BOSTON, MA.—When a defendant stands trial for a crime that carries a possible penalty of death, what is the extra bar a jury must reach in order to decide that a lifetime of imprisonment is not enough? What damning facts must a prosecutor present, what heinousness of the crime and what painful details of the damage done to victims must be invoked to make the case that permanently removing an individual from free society is insufficient? What emotions, in other words, must be stirred in twelve individuals to convince them to unanimously agree to the killing of another human being?

At the Boston marathon bombing trial last week, as the penalty phase for Dzhokhar Tsarnaev began, on the witness stand for the government was a family friend of Lingzi Lu, a Boston University student killed in the bombing. She told the courtroom how Lingzi’s parents, after learning of her death, flew to Boston from their native China. Lingzi’s mother shopped at a mall for the right dress to bury her daughter in before heading instead to a bridal store. She settled on a flowing pink wedding gown that her 23-year-old daughter was laid to rest in.

Childhood images of another victim, Krystle Campbell, 29 years old, flashed on a video screen, showing her as a cherubic toddler in footie pajamas. Her father took the stand and told how he and his family initially were told by doctors that Krystle was injured but alive. Only later did they learn it was a case of mistaken identity and that she was one of the three fatalities at the bombing sites.

The stepfather of Sean Collier—the MIT officer who was shot point blank in the head by one of the Tsarnaev brothers, simply so they could get his service weapon as they attempted to make their escape—described Sean as wanting to be a police officer from a young age. Sean, he said, used to chase his little brother, Andy, around the house, making siren sounds. On road trips, every time the family saw someone pulled over by police, Sean would begin singing the Bad Boys theme song to the television show "Cops."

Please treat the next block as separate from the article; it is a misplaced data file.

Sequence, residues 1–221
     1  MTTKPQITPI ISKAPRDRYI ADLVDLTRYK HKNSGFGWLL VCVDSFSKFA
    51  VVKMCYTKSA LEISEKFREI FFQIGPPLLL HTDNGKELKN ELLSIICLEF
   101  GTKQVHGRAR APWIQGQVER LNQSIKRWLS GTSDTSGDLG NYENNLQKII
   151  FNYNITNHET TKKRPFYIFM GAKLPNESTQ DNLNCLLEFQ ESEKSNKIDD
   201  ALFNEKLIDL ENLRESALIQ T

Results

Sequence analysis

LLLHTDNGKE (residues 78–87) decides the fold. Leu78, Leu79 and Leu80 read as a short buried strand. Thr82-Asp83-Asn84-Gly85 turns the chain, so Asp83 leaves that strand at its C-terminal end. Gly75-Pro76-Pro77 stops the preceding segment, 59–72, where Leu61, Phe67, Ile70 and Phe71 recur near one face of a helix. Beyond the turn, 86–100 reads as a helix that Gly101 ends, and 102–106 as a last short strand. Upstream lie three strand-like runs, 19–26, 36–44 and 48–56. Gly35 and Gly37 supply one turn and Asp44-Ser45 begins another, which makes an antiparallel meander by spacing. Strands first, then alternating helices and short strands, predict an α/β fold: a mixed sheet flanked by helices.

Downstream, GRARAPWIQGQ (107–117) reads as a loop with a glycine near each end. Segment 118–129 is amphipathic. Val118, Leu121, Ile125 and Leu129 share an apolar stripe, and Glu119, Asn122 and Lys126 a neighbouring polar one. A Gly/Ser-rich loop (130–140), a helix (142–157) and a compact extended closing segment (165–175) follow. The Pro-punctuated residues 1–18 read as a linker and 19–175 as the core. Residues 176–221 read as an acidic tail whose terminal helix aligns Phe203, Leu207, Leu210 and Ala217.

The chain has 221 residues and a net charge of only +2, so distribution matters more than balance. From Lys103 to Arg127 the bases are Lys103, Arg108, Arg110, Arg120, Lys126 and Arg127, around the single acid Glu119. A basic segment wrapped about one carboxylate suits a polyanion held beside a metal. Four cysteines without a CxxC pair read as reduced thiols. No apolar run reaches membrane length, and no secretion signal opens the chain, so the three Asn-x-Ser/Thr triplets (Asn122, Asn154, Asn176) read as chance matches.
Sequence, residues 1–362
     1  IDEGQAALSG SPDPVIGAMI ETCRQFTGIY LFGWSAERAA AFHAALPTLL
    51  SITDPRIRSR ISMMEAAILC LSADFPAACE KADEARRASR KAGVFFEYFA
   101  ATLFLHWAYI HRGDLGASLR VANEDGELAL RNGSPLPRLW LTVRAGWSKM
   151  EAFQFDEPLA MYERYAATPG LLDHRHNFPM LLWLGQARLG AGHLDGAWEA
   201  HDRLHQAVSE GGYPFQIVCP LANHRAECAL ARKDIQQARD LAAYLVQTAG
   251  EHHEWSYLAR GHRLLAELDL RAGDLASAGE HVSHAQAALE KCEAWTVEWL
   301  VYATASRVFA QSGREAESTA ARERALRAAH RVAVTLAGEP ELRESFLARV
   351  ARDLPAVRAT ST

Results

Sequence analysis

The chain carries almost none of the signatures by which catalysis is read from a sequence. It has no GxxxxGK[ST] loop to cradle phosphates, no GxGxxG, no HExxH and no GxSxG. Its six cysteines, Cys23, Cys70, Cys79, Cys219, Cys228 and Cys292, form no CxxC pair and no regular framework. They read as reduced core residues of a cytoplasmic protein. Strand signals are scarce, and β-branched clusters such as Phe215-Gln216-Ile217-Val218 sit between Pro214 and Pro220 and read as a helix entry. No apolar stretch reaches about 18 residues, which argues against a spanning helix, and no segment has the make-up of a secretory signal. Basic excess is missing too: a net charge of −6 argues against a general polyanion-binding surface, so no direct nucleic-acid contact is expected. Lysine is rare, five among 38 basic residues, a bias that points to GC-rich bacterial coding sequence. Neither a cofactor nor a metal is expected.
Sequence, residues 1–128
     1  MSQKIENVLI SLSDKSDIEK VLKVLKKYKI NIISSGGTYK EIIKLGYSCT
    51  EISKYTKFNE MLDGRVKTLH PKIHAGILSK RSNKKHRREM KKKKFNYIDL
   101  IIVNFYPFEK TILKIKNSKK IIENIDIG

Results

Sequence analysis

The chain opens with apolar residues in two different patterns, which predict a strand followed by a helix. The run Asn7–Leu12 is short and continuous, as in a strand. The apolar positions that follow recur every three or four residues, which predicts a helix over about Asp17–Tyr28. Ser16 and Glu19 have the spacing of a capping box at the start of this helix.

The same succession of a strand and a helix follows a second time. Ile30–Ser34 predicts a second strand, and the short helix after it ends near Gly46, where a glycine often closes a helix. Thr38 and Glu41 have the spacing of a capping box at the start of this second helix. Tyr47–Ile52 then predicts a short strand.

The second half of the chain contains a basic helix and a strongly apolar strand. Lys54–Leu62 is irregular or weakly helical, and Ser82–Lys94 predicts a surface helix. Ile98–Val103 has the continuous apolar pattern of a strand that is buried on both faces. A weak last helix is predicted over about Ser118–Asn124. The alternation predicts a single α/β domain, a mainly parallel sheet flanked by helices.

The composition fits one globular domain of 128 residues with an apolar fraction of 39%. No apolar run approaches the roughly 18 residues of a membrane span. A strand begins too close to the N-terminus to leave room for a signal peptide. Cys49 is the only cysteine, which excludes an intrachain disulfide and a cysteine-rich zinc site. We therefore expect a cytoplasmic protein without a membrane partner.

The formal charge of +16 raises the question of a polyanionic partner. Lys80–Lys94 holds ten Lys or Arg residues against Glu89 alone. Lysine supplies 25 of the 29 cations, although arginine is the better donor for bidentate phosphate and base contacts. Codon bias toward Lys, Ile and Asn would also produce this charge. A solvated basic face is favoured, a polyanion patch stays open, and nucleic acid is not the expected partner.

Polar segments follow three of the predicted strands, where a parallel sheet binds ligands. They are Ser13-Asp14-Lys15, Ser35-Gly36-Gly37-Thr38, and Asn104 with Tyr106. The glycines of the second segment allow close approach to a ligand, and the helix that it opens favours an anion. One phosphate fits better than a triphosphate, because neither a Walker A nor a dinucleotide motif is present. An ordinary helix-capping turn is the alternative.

Jurors repeatedly saw the youngest victim, Martin Richard, eight years old, on a video recovered from the scene of the bombing. Prosecutors zoomed in on the spot where the little boy lay after the blast. Martin weakly raised his arms up just once as his mother, Denise, bent over him. Steven Woolfenden, who lost his leg in the blast, was with his then three-year-old son Leo, a few feet away from Martin, when the pressure cooker bomb exploded. He testified that after the explosion he heard Denise pleading over and over, “Martin, please. Martin, please.”

To sit through the penalty phase of a death penalty trial is to understand what a profoundly agonizing burden is placed on the jury. In ordinary criminal trials jurors determine a defendant’s guilt or innocence; it is the judge who hands down the sentence. Uniquely in cases where a defendant is found guilty of “death eligible” charges, the penalty for the crime is the jury's domain.

Though it has an empirical veneer, the process by which jurors reach their decision is surprisingly arbitrary. They must weigh the “aggravating” factors (circumstances that make the crime particularly heinous) the prosecution can prove against any “mitigating” factors (information or evidence that might lead to a sentence less than death) introduced by the defense. While the standards for what constitutes an aggravating or mitigating factor are fairly straightforward, the weight each individual juror gives to these factors, and how they arrive at the ultimate decision of life or death, is entirely personal and subjective.

In the courtroom where Dzhokhar Tsarnaev’s fate will be determined, Judge George O’Toole last week admonished jurors that they cannot base their decision on “sympathy for the victims.” Yet it is the particular calculus of the death penalty process that this is exactly the emotion that the prosecution needs to evoke—to humanize the victims to such a degree, to drive home to the jury the magnitude of their loss and suffering, to engender whatever level of hate for the defendant— is required for the jury to call for nothing less than his death.